Error “initializer element is not constant” when trying to initialize variable with const


I get an error on line 6 (initialize my_foo to foo_init) of the following program and I’m not sure I understand why.

typedef struct foo_t {
    int a, b, c;
} foo_t;

const foo_t foo_init = { 1, 2, 3 };
foo_t my_foo = foo_init;

int main()
    return 0;

Keep in mind this is a simplified version of a larger, multi-file project I’m working on. The goal was to have a single constant in the object file, that multiple files could use to initialize a state structure. Since it’s an embedded target with limited resources and the struct isn’t that small, I don’t want multiple copies of the source. I’d prefer not to use:

#define foo_init { 1, 2, 3 }

I’m also trying to write portable code, so I need a solution that’s valid C89 or C99.

Does this have to do with the ORGs in an object file? That initialized variables go into one ORG and are initialized by copying the contents of a second ORG?

Maybe I’ll just need to change my tactic, and have an initializing function do all of the copies at startup. Unless there are other ideas out there?


In C language, objects with static storage duration have to be initialized with constant expressions, or with aggregate initializers containing constant expressions.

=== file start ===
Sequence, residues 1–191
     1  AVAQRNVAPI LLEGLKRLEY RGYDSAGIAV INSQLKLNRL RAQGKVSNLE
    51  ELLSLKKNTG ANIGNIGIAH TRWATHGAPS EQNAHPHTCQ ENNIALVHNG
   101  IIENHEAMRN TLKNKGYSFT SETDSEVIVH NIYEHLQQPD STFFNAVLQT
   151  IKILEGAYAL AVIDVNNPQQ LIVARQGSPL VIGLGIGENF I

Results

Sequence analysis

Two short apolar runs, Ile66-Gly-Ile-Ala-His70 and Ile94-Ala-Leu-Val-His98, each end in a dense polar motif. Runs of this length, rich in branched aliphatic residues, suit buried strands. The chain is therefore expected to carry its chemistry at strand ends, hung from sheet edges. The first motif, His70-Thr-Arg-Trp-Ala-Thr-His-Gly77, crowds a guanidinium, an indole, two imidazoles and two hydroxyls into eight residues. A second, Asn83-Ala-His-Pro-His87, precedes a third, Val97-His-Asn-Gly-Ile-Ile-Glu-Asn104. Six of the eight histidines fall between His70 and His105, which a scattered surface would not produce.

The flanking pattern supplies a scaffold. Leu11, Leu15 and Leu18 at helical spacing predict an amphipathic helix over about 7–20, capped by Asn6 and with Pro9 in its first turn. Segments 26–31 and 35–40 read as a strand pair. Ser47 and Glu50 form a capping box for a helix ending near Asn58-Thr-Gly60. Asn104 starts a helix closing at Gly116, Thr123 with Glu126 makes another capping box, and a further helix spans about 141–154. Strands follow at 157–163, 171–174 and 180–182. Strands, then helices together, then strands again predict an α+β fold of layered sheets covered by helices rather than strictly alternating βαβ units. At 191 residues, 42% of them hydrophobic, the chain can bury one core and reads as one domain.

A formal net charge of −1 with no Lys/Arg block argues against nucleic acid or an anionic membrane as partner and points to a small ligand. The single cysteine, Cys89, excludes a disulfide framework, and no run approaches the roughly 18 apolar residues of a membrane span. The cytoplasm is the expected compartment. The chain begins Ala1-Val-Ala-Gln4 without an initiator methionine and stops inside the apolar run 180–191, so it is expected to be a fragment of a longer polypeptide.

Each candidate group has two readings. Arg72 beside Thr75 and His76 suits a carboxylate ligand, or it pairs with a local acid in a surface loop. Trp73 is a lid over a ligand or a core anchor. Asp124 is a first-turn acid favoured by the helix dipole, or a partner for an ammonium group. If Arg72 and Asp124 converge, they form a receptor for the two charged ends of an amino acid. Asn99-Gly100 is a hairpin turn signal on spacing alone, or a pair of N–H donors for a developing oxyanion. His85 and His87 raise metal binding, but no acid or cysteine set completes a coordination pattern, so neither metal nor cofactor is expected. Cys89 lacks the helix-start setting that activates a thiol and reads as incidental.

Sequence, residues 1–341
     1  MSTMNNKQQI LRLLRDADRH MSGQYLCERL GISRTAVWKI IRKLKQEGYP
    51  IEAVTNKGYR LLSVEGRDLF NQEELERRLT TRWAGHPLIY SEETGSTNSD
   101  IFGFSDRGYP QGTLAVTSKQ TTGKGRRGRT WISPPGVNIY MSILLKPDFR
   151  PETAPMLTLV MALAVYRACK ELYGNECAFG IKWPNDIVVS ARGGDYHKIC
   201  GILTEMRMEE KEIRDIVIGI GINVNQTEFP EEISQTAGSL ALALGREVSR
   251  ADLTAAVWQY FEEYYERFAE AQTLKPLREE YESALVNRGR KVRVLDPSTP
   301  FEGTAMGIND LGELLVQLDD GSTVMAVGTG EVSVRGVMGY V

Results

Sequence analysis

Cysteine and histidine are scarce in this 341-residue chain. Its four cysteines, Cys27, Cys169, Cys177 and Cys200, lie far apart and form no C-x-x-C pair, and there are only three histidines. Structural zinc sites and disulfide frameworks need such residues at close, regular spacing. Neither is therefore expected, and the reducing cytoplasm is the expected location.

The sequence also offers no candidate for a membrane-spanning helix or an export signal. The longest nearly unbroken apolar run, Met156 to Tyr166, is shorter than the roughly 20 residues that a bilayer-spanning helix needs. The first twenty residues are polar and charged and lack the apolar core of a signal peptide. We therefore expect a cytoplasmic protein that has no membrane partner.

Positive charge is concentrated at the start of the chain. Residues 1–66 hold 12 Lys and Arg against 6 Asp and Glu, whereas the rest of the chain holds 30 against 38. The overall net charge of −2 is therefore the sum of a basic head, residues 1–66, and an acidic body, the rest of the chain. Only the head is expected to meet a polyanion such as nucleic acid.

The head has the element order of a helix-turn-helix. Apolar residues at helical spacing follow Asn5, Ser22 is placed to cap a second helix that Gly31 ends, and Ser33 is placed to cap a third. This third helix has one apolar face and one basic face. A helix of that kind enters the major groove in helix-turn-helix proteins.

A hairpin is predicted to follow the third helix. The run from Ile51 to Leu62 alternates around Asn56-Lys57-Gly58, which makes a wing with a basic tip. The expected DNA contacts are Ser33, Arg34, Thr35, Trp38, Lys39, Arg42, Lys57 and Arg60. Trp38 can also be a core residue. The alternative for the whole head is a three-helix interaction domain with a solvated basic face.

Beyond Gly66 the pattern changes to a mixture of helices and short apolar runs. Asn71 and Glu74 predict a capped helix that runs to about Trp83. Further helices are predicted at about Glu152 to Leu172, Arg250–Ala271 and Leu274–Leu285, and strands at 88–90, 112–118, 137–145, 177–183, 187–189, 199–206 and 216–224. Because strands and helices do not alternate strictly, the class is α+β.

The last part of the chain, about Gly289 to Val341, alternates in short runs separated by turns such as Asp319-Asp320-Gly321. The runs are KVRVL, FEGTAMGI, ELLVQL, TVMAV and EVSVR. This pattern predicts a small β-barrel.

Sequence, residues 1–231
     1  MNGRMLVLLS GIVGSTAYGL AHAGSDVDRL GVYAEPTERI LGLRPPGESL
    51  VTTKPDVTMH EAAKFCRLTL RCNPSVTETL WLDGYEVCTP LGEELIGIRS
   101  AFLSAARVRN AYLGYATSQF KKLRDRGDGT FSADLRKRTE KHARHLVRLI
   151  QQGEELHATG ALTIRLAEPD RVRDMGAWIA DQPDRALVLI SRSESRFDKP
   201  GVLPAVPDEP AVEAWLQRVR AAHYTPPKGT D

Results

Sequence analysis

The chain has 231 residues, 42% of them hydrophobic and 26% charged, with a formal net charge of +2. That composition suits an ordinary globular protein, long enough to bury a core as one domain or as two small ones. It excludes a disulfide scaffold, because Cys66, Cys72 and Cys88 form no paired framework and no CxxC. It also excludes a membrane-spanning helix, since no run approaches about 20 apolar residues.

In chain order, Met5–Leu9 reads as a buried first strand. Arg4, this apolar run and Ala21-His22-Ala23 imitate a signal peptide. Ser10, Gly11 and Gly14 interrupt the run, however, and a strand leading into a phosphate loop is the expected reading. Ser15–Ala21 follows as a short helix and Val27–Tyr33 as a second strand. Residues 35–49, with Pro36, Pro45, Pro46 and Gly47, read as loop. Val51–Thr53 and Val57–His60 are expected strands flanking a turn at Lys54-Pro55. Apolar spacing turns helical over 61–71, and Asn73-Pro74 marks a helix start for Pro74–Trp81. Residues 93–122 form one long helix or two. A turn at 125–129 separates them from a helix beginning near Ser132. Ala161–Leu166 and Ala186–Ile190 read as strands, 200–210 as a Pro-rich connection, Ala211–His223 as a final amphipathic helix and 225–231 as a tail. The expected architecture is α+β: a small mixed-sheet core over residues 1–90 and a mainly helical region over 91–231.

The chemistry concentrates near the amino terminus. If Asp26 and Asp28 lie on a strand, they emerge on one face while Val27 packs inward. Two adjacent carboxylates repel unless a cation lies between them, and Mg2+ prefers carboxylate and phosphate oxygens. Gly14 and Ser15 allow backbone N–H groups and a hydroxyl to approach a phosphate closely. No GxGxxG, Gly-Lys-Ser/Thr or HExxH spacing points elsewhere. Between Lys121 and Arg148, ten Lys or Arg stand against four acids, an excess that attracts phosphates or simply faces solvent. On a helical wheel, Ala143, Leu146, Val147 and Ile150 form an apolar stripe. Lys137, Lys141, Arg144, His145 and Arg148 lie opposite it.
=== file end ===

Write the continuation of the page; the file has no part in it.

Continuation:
A “large” object is never a constant expression in C, even if the object is declared as const.

Moreover, in C language, the term “constant” refers to literal constants (like 1, 'a', 0xFF and so on), enum members, and results of such operators as sizeof. Const-qualified objects (of any type) are not constants in C language terminology. They cannot be used in initializers of objects with static storage duration, regardless of their type.

For example, this is NOT a constant

const int N = 5; /* `N` is not a constant in C */

The above N would be a constant in C++, but it is not a constant in C. So, if you try doing

static int j = N; /* ERROR */

you will get the same error: an attempt to initialize a static object with a non-constant.

This is the reason why, in C language, we predominantly use #define to declare named constants, and also resort to #define to create named aggregate initializers.


Leave a Reply

Your email address will not be published. Required fields are marked *